Social media sites like Facebook and Twitter have far-reaching positive and negative effects on people’s lives. The influence of social media has extended to vaccines.
Dr. Emily Brunson, formerly of Texas State University in San Marcos, conducted a study that found parents make decisions about whether to vaccinate fully, vaccinate over a period of time or not to vaccinate their children at all based on their social networks. Pediatrics magazine published the results of the study.
Of the first-time parents surveyed, 126 conformed to vaccination recommendations while 70 didn’t. Twenty-eight of the seventy delayed vaccines, while thirty-seven partially vaccinated and five didn’t vaccinate at all. 95% of all participants surveyed stated that they got their advice from people they go to for information.
Parents who conformed to guidelines were more likely to get their information from friends, family, and healthcare providers. “Having those conversations with your sister, your parent, with your friends matter a lot more than we thought. If we want to improve vaccination rates, communication needs to be directed to the public at large,” Brunson says.
Researchers at the University of Texas at Austin conducted research on vaccine-related Twitter posts. 9,510 vaccination-related tweets during one week in January 2012 were analyzed and found to be mostly positive and reliable. The American Journal of Infection Control published the results of the study.
The original tweets were narrowed down to 2,580 that had been re-posted or shared. Of this smaller sample of tweets, 33 percent had a positive tone about vaccines, 54 percent were neutral and 13 percent were negative. 14 percent of the tweets contained medical information, and 66 percent of those were backed by scientific research.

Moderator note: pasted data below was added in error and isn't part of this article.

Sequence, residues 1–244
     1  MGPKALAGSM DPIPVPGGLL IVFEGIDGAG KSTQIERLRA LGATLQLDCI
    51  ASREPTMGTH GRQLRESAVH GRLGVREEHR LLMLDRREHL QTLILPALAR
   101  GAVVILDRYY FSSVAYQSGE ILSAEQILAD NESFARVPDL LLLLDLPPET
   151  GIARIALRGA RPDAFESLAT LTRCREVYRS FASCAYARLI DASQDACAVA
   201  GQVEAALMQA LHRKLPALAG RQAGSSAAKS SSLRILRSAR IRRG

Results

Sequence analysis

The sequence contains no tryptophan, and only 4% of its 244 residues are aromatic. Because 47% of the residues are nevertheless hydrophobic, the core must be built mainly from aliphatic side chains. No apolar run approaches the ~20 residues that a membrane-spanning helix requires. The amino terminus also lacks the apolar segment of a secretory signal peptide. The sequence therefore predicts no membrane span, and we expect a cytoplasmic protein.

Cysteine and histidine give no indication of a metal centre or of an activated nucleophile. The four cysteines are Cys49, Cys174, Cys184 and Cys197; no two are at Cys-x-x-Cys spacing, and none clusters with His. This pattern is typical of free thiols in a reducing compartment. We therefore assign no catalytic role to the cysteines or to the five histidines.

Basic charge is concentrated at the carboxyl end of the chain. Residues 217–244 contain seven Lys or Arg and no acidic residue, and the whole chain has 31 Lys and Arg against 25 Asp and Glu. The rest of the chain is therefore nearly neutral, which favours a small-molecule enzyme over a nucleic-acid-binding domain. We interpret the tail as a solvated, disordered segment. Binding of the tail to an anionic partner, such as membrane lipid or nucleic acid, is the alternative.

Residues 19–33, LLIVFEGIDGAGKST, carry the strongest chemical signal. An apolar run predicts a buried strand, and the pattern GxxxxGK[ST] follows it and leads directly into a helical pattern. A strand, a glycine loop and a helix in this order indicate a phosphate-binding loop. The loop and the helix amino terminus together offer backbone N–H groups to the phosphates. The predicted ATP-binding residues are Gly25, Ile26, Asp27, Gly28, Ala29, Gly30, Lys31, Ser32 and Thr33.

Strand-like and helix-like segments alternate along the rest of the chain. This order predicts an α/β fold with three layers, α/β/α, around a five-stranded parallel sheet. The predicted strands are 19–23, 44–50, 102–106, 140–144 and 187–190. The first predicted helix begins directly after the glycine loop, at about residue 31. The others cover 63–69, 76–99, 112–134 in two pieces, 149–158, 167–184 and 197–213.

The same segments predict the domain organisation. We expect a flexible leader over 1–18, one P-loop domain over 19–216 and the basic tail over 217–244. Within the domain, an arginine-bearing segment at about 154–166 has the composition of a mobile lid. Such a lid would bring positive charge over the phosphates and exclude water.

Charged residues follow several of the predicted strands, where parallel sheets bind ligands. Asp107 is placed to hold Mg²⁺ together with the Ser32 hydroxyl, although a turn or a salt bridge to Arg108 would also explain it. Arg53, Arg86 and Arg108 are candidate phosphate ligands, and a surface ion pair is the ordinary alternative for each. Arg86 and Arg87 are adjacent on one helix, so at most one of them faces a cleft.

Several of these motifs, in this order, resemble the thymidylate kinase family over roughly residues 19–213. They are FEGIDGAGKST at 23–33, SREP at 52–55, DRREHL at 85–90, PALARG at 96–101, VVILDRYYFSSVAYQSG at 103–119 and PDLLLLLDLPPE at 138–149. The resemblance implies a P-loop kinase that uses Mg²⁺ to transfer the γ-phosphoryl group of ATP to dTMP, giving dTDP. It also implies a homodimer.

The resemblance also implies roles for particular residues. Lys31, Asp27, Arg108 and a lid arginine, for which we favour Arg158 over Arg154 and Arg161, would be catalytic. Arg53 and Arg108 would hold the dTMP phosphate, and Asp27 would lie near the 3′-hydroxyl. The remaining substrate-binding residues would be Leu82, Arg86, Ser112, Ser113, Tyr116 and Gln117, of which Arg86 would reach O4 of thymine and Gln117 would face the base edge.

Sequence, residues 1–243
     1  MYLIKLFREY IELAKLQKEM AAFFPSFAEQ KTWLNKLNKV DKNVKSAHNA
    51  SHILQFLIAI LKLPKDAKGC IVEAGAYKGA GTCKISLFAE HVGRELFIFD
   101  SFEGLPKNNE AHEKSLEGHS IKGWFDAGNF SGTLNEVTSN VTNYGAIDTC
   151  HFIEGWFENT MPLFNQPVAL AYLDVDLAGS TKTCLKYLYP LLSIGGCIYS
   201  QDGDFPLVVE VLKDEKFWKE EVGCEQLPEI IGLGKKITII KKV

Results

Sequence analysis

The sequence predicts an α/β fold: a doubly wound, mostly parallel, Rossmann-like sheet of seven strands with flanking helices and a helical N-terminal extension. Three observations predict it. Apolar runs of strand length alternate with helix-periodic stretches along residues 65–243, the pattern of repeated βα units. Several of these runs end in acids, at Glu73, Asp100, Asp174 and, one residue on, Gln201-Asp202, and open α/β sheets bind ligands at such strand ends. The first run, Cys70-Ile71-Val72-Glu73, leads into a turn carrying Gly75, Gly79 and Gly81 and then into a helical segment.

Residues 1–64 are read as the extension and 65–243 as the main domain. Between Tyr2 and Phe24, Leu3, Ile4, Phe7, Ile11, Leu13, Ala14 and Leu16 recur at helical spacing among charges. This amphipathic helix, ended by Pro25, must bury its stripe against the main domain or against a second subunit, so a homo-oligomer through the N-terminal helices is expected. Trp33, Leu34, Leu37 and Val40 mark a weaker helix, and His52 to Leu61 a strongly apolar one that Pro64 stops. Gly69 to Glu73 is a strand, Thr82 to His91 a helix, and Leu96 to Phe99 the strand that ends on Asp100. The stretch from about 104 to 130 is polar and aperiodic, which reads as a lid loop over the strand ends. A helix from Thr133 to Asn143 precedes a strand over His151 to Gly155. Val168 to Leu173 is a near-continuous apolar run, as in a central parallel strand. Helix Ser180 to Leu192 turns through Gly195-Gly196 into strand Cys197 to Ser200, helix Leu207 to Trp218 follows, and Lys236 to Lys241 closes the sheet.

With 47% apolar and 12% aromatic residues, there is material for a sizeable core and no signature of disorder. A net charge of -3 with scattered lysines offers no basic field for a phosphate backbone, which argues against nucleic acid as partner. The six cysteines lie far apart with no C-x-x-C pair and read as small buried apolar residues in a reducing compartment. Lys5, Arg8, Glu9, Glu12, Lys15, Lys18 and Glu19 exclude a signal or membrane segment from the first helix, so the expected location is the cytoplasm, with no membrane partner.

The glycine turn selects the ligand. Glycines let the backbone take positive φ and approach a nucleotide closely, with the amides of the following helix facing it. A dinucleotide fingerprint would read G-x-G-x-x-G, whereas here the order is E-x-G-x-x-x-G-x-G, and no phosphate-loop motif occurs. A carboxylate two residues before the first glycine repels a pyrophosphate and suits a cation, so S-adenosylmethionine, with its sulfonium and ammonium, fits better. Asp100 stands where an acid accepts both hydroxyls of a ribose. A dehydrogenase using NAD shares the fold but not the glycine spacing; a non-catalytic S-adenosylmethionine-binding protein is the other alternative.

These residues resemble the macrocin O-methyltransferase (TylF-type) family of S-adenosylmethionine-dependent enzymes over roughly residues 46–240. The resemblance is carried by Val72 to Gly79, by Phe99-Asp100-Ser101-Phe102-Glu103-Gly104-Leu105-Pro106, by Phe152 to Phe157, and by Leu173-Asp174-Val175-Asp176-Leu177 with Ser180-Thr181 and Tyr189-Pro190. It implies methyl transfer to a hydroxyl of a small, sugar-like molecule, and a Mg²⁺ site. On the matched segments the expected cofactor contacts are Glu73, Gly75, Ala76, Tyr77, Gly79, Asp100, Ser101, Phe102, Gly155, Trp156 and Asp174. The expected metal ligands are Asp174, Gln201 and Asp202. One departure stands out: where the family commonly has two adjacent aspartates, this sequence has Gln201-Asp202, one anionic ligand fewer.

Tweets covered many vaccine topics including: a potential children’s malaria vaccine, development of the NeuVax E-75 vaccine for breast cancer, the effectiveness of a herpes vaccine in women, a blog post discrediting the link between vaccines and autism, and many other topics.
Sources shared through twitter included: health specific sites like WebMD, national media like The New York Times, and medical organizations like American Medical Association. News and health organizations received more positive attention than political or advocacy groups.
Authors at The University of Texas stated: “In this sample, it appears that Twitter users share mostly reputable information and sources while actively mobilizing others to seek reliable health information. Results of the snapshot can help explain what social media content parents consume and respond to, as well as help determine directions for educational campaigns.”
While social media sites like Facebook and Twitter can be a great place to learn new information, it’s important to remember that your social network may not be providing you with all of the information you need. Vaccine Watch urges readers to consider a diversity of opinions and note the sources of information. It’s also important to maintain your general practitioner or child’s pediatrician as one of your sources.